Much like Kotter's assertion that transformations often occur with the inception of a new leader (1996, p. 43) the appointment of a new MD in 1991 also symbolized a new beginning for EA. The forward looking MD was quick to realize that its conservative business systems would fail to achieve demands raised by the turbulent environment and hence deliberately took upon the role of the change agent. Although incongruous with Lippitt's 'golden rule' that a change agent must be an outsider to the organisation (1959) the emergence of a change agent within the organisation as suggested by Kudary and Kleiner (1997), proved to be advantageous for EA. The active involvement of the business chief gave the cultural rejuvenation process the much needed momentum. Moreover it can be argued that since the MD had just recently joined the organisation he could still play the role of an impartial outsider.

Initially in his enthusiasm to revitalize the culture of the organisation, the MD did follow a more text book approach, where he revamped the organisation structure and strategy and introduced a large number of change projects. But not conceiving that foregoing changes would be inadequate in altering the deep entrenched habits and dogmas of the people proved to be 'fallacy of programmatic change' (Beer et al, 1990, p. 159). Nevertheless, as pointed out by Lowell Bryan, for leaders it is not about positively ascertaining the outcome of their new ideas but rather about making them work in practice through a process of trial and error (cited in Barsh, 2008, p. 7).

Learning quickly from his errors, the MD correctly focused on reducing the restraining forces or 'unfreezing' which according to Lewin (1947) is central to managing transformations. However as identified as a critical success factor, lessening these restraining forces depended on gaining senior management commitment. As altering employee behaviours first required the senior managers inculcating the new behaviours (Bertsch and Williams, 1994, p. 21). Thus the MD instigated a master plan where in addition to communicating the organisation mission and vision to the business leaders he also introduced a Leading change program. This program was a medium to furnish the leaders with skills and knowledge required to challenge their existing frame of reference and discard their conservative management style. Details of the leading change program are outlined in the appendix.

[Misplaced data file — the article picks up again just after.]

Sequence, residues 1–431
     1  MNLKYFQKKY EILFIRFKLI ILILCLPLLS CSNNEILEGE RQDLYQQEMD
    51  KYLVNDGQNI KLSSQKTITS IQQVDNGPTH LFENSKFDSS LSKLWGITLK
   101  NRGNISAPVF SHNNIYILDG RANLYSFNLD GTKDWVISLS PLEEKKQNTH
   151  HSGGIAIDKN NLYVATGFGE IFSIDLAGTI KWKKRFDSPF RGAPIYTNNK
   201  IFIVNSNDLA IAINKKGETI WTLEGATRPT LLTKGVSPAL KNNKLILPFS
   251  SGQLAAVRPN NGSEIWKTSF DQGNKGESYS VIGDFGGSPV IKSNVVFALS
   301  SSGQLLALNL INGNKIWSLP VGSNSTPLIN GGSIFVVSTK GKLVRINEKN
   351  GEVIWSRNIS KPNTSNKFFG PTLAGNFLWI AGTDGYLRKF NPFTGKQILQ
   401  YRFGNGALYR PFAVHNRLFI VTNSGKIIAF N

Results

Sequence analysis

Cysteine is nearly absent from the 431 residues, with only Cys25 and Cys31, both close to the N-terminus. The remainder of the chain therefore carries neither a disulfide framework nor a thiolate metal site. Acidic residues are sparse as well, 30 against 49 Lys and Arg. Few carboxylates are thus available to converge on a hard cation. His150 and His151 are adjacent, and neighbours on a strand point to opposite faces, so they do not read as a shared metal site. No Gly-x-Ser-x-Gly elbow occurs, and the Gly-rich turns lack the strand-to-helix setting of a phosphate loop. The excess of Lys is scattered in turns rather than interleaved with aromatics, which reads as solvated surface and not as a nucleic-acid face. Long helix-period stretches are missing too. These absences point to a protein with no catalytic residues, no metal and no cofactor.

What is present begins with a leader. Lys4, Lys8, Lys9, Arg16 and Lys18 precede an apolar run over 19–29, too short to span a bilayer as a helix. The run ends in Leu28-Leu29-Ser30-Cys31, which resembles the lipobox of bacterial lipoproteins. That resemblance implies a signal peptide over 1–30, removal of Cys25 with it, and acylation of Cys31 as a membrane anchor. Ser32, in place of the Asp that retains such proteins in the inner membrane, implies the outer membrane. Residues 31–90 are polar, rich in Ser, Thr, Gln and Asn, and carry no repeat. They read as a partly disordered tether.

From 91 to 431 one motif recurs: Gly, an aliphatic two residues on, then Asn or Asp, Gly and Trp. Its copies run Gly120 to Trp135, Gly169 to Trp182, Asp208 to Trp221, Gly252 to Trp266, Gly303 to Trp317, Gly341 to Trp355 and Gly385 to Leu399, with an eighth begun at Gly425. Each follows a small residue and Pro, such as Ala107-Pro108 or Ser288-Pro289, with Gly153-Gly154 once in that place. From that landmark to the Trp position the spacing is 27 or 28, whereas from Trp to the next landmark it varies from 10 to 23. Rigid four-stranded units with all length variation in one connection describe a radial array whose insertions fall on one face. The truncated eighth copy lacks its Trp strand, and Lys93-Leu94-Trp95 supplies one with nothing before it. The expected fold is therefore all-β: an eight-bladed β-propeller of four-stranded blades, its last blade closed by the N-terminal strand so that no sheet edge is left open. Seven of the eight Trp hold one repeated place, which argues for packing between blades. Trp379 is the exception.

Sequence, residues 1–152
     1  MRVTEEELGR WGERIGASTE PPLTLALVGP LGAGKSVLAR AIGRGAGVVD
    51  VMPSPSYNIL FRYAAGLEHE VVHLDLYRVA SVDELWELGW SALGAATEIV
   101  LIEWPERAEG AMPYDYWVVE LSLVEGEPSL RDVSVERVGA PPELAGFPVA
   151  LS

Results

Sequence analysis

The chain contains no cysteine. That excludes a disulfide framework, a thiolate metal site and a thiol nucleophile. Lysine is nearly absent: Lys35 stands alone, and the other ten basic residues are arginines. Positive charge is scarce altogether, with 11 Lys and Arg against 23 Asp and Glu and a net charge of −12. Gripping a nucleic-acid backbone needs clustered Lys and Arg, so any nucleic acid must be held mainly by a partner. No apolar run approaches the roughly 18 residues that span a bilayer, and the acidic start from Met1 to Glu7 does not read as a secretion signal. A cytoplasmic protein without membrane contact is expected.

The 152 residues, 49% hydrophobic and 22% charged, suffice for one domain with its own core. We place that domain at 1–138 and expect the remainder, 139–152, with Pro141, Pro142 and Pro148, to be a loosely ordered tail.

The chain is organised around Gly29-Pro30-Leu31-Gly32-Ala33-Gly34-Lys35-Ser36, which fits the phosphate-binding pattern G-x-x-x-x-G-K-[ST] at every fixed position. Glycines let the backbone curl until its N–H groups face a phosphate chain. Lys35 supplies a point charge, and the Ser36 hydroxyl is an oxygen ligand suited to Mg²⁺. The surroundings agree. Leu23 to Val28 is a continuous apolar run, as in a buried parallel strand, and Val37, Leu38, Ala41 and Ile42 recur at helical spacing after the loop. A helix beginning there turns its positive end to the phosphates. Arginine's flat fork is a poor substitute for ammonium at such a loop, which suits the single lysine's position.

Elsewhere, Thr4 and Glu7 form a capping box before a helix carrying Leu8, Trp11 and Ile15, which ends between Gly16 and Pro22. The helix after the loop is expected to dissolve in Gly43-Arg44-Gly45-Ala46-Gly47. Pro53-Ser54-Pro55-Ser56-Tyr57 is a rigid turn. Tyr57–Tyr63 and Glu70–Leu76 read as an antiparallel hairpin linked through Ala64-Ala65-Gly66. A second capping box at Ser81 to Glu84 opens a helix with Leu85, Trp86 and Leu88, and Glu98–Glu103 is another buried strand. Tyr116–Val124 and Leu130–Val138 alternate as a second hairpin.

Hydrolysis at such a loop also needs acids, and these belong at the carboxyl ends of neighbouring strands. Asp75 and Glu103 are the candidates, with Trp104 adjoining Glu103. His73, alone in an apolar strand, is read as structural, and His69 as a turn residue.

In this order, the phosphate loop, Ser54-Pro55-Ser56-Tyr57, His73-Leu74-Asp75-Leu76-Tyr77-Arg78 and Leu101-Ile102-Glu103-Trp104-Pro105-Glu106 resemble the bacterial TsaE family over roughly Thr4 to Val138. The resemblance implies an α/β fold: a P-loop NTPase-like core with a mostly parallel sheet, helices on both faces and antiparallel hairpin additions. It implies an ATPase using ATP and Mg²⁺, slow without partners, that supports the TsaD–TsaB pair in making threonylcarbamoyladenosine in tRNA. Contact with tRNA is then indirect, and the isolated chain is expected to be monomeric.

ii) Leader and his guiding coalition:

The inclusion of middle level managers along with the senior managers in the transformation process signaled the presence of perceptive leadership at EA. As the middle level manager resistance is often identified as a major barrier to the transformation process (Van Buren and Werner, 1996) it is imperative to include them in the process. Moreover by following the OD approach of implementing the rejuvenation from the top down, the MD acknowledged his limitations in overcoming all employee resistance and spreading the revitalization to all departments. Thus he created a powerful 'guiding coalition' (Kotter, 1996, p.6) in the form of his management team, who acting as messengers and exemplars would cascade the rejuvenation vision and required behaviours to the rest of the organisation.

Wilmot expresses that while it is possible for anyone to lead an organisation only few do it with vision and wisdom (1998). This holds true in the case of the managing director at EA who by adhering to the 'holy trinity' (Paton and McCalman, 2008, p. 43) of the managerial rules wisely navigated the cultural rejuvenation process. The constant focus on the organisational objective, of creating a more customer-responsive enterprise transpired the formulation of the eight dimensions of change, which were inspired from their customer expectations. In addition, to providing the motivation for viewing customers as the main business focus, the dimensions also stressed the importance of a participative, information-sharing and empowered workforce for innovation in quality and products. But the true winning characteristic of the dimensions was that it was personally communicated by the MD to the business leaders. Using this 'hot media' (Bertsch and Williams, 1994, p. 19) over taking a ''black box' (Barrett, 2002, p.220) approach to communication, the MD not only secured his coalition's commitment by displaying the expected new behaviours but also generated a felt need for change.